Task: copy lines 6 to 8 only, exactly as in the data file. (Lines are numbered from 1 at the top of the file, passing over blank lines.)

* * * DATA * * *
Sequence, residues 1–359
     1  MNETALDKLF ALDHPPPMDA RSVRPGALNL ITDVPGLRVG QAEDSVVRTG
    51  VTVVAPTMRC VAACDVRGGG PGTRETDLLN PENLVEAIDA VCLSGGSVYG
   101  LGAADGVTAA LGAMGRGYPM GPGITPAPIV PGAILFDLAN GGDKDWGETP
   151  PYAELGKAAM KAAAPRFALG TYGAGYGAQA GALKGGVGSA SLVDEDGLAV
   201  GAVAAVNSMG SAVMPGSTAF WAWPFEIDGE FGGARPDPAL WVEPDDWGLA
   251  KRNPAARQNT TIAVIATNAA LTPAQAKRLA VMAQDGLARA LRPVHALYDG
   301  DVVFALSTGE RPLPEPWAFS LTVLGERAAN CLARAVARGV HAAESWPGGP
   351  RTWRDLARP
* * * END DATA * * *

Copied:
   201  GAVAAVNSMG SAVMPGSTAF WAWPFEIDGE FGGARPDPAL WVEPDDWGLA
   251  KRNPAARQNT TIAVIATNAA LTPAQAKRLA VMAQDGLARA LRPVHALYDG
   301  DVVFALSTGE RPLPEPWAFS LTVLGERAAN CLARAVARGV HAAESWPGGP